Women in the United States who do not receive prenatal care have an increased risk of experiencing a neonatal death, especially if they deliver at or after 36 weeks' gestation, according to findings from a large population-based cohort study.1 Lack of prenatal care is associated with a 40% increase in the risk of neonatal death overall and a doubling of the risk among women delivering at or after 36 weeks' gestation. Black women are more than three times as likely as white women not to receive prenatal care, and regardless of their prenatal care status, their infants are significantly more likely to die within their first 27 days of life than are infants born to white women.
To examine the association between prenatal care and neonatal deaths (those occurring within the first 27 days of life), researchers analyzed perinatal mortality data for 1995-1997 collected by the National Center for Health Statistics. During that time, there were nearly 12 million pregnancies in the United States. The researchers restricted their sample to live singleton births that occurred at 24 weeks' gestation or later. They excluded births of infants who had congenital or chromosomal abnormalities, or who weighed less than 500 g at delivery, and births with missing data on gestational age or mother's receipt of prenatal care (defined as at least one visit during pregnancy). After the exclusions, the sample consisted of 10.5 million births, among which there were 18,339 neonatal deaths and 118,721 mothers who had not received prenatal care.
The researchers used multivariate logistic regression analysis to determine the association between prenatal care and neonatal death. The analyses were adjusted for maternal age, education and parity; smoking and alcohol use during pregnancy; gestational age; birth weight; and prenatal high-risk conditions (maternal anemia, intrapartum fever, preterm premature rupture of the membranes, excess amniotic fluid, diabetes, chronic hypertension, pregnancy-induced hypertension, renal disease, premature detachment of the placenta, placenta previa, bleeding of unknown cause, fetal growth restriction, Rh sensitization, postterm pregnancy and history of delivering a preterm or small-for-gestational-age infant).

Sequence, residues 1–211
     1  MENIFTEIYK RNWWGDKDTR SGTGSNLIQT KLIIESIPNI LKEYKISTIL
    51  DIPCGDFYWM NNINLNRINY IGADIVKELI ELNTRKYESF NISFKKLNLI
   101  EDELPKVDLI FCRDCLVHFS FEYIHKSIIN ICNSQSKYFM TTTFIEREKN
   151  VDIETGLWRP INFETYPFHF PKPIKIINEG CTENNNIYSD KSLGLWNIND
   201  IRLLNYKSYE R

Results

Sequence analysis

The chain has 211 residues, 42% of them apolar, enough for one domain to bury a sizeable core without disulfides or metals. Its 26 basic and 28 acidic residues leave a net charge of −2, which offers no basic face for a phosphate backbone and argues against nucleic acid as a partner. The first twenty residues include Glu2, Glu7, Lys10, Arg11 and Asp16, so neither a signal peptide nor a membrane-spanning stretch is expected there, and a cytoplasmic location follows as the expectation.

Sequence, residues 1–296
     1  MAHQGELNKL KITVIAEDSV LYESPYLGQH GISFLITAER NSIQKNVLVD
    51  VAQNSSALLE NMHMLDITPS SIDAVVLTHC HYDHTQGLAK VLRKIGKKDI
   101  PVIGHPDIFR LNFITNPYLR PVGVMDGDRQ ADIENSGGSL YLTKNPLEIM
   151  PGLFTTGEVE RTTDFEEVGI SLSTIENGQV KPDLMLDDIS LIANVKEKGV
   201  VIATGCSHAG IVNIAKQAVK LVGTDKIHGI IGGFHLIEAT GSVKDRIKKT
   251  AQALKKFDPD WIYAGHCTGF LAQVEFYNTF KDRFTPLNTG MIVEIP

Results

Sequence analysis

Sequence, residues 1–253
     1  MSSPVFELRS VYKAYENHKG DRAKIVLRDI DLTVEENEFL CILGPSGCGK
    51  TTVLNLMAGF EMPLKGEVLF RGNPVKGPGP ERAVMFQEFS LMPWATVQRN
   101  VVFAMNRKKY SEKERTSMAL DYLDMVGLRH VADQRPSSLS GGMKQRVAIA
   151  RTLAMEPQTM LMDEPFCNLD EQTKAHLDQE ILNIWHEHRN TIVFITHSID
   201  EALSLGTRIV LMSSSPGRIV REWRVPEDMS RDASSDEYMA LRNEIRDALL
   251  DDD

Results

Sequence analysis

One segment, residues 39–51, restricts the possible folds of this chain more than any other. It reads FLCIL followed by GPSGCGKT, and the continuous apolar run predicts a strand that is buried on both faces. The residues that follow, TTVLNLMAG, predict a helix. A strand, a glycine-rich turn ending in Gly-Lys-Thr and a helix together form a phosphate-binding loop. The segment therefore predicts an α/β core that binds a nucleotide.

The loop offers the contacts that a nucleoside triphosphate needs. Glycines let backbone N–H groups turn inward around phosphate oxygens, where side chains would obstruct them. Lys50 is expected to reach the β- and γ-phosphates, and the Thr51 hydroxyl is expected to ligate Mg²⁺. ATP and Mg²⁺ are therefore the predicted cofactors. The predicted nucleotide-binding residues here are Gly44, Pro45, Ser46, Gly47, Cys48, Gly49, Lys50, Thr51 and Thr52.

About 1% of all women had received no prenatal care; the overall neonatal death rate was 1.7 per 1,000 births. In analyses by race, black mothers were more than three times as likely as white mothers not to have received prenatal care (2.7% vs. 0.8%). In addition, neonatal death rates were higher among black infants than among white infants, regardless of prenatal care status (2.7 vs. 1.5 per 1,000 births for infants whose mothers had prenatal care; 10.7 vs. 7.9 per 1,000 births for those whose mothers had none).
In multivariate analyses, women who did not have prenatal care were 40% more likely than those who did to experience a neonatal death (relative risk, 1.4). The risk of neonatal death among infants born to women with and without prenatal care was affected by gestational age: Infants born at 24-35 weeks' gestation to mothers without prenatal care were 20% more likely than those born to mothers with care to die within their first 27 days of life; among infants born at or after 36 weeks' gestation, the relative risk of neonatal death was 2.1 among those born to mothers without care. Lack of prenatal care increased the relative risk of neonatal death 40% among infants born to black women and 50% among those born to white women. For black and white women combined, not having prenatal care was significantly associated with an increased risk of neonatal death by preterm premature rupture of the membranes, placenta previa and fetal growth restriction (1.3-1.9).
In light of their findings that among infants born to women without prenatal care, those born at or after term had a greater risk of neonatal death than those born preterm, the researchers propose that the "phenomenon is possibly related to the fact that prematurity per se is the major determinant of neonatal deaths for infants born earlier than 36 weeks of gestation, thus making the benefits of prenatal care...more evident at term." They also suggest that overestimation of gestational age may have been a factor.
The researchers comment that lack of prenatal care, unlike most factors associated with perinatal death, is "theoretically preventable." They suggest that more work needs to be done to determine why the association between perinatal death and lack of prenatal care occurs. Furthermore, the researchers note that the disparity in neonatal deaths between blacks and whites persisted even among those with prenatal care. They conclude that "more comprehensive strategies" than just prenatal care are needed to reach equity.
1. Vintzileos AM et al., The impact of prenatal care on neonatal deaths in the presence and absence of antenatal high-risk conditions, American Journal of Obstetrics and Gynecology, 2002, 186(5):1011-1016.